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Why the Celtics are doomed without Avery Bradley

Brad Stevens has built the Celtics' whole into something greater than the sum of their parts, but losing Avery Bradley will probably be too much for Boston to overcome.

The Hawks and Celtics were expected to play the most even series in the first round of the NBA Playoffs. Both teams have elite defenses, brilliant head coaches and talented, but inconsistent offenses. The series was a toss-up to pick and seemed destined to go seven games.

But that was before Boston guard Avery Bradley suffered a hamstring injury in the Celtics' Game 1 loss on Saturday night. Bradley told reporters afterwards that he "heard a pop" after landing awkwardly in the fourth quarter. On Sunday, Celtics coach Brad Stevens told reporters that Bradley will likely miss the remainder of the series.

Without Bradley, it's hard to see how Boston can knock off Atlanta four times over the next six games. Bradley is an undersized shooting guard and an average perimeter shooter, as he hit only 36 percent from deep this season. He's a strong defender, but struggled at times in Game 1.

All that said, he's also a talented and versatile guard who is an integral part of everything Boston does on both sides of the court. Removing him from the equation threatens the very identity Boston forged to roll off 48 wins.

Bradley's offensive value goes deeper than his stats

Though Bradley is known for his defense, the Celtics also rely on his ability to dart off screens, set them himself and create scoring chances. Bradley was Boston's second-leading scorer this season and most productive spot-up player. Nobody on the team knocked down more catch-and-shoot jumpers, according to's player tracking data.

Bradley was just 1-7 from deep in Game 1, but his absence late in the fourth quarter was also evident. With him off the floor, the Hawks felt more comfortable collapsing on Isaiah Thomas and being aggressive with their off-ball defensive rotations.

Individually, Thomas will feel the burden of Bradley's injury most. The Celtics were already outperforming their offensive talent with Bradley in the lineup. They scored nearly 104 points per 100 possessions in the regular season while trotting out lineups with players like Evan Turner and Amir Johnson, which is a testament to Stevens' creativity and Thomas' brilliance.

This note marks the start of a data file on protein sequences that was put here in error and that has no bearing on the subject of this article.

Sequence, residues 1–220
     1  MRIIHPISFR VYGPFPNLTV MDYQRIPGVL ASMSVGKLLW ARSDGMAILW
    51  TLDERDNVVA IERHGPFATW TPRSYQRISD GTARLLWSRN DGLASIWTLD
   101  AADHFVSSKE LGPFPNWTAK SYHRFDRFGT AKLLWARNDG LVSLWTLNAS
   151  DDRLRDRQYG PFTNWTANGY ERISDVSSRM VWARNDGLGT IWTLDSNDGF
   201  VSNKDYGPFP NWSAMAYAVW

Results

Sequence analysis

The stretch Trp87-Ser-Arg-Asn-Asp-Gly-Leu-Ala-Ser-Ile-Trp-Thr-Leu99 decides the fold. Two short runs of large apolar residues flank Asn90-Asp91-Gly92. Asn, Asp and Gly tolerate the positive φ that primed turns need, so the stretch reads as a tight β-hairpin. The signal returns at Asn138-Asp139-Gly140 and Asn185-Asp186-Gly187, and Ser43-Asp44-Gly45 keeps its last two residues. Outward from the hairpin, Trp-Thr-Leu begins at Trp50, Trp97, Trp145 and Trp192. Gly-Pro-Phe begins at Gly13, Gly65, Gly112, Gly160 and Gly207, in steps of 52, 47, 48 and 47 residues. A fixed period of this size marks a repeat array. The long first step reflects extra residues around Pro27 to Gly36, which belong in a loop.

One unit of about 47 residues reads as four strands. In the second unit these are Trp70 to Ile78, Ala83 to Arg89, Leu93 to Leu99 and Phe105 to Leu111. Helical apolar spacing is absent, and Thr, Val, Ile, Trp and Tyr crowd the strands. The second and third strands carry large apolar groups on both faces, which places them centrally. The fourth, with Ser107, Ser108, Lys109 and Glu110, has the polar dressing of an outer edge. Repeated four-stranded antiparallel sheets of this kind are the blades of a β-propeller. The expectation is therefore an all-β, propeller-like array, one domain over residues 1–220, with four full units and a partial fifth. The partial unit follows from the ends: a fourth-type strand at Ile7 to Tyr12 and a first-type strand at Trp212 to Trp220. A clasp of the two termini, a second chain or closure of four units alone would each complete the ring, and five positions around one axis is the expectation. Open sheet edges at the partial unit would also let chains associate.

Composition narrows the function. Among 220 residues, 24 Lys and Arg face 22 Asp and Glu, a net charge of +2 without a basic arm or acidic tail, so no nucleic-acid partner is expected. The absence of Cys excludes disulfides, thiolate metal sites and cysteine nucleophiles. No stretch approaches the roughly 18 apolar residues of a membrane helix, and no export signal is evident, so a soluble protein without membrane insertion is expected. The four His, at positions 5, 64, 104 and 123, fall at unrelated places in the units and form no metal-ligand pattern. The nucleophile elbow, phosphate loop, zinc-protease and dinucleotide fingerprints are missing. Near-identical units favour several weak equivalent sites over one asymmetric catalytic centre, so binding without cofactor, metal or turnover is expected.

But having Bradley out there helped, too. Curls and pin-down screens were two of Boston's primary weapons during the regular season, and they found some success using them on Saturday night.

Though Thomas was in the game at this moment, plays like these for Bradley allowed Boston to get clean looks without Thomas on the floor. Not being able to use them for the rest of the series will make it that much harder for Boston to score, especially against an elite defense like the Hawks. Atlanta's defense is strong all over the court, but particularly thrives in the restricted area, where it held opponents to a league-low 56.7 percent shooting this season, per

Bradley catch-and-shoot and pull-up jumpers provided Boston an option to counter some of the Hawks' strengths. Now, that option is gone. It'll be especially missed late in games.

Oh yeah: he's great on defense, too

The Celtics have a great collective defense, but Bradley was one of the major keys. He's Boston's top perimeter defender, someone who's comfortable chasing Kyle Korver around screens or harassing Jeff Teague on pick-and-rolls. Stevens asked Bradley to do both in Game 1, and while Korver misfired on a bunch of easy looks, Bradley relentlessness did throw off Korver's rhythm early on.

It's also no coincidence that Teague had nine of his 23 points and four of his 12 assists in the fourth quarter. The Celtics were forced to switch without Bradley in the game, and Teague roasted those switches.

Boston also relies heavily on points off turnovers, finishing third in the NBA this season in that category. Bradley is the one who so often triggers those transition buckets, so losing him presents Stevens with yet another problem.

Brad Stevens must now juggle his rotation, and even that may not work

Without Bradley, the Celtics will have to hand sophomore Marcus Smart even more minutes and pray that little-used rookies R.J. Hunter and/or Terry Rozier are ready to contribute. Hunter is the better scorer of the two and certainly a better shooter, but it's hard to picture either he or Rozier doing much of anything against this long and strong Hawks defense.

Assuming Thomas doesn't average 35 points a game for the rest of the series, Stevens will have get creative with his lineups and play-calling. He's certainly capable of doing so, but his roster doesn't give him many options. Bradley was a part of nearly every one of Boston's top five-man units during the regular season.

Instead, Stevens is now forced to pair Evan Turner with Smart and Thomas more than he would like. Turner has some interesting skills and put together a nice season, but he kills the Celtics' spacing because he can't consistently knock down open jumpers.

Boston could decide to give the bigger three-man grouping of Jae Crowder, Jared Sullinger and Amir Johnson more run, but against the Hawks' stellar frontcourt, that's akin to playing from behind. That starting trio struggled badly in Game 1, forcing Stevens to go small to get Boston back in to the game.

To pull off what would now be considered an upset, the Celtics will need a number of breaks. They need big games from Thomas and Smart, continued cold shooting from Korver and standout performances from little-used bench players like Rozier or Hunter. Boston has outperformed its talent all season, so it's not out of the question that Stevens figures out a way to conjure up some more magic without Bradley.

But doing so without one of his most reliable players in the lineup is going to be incredibly difficult.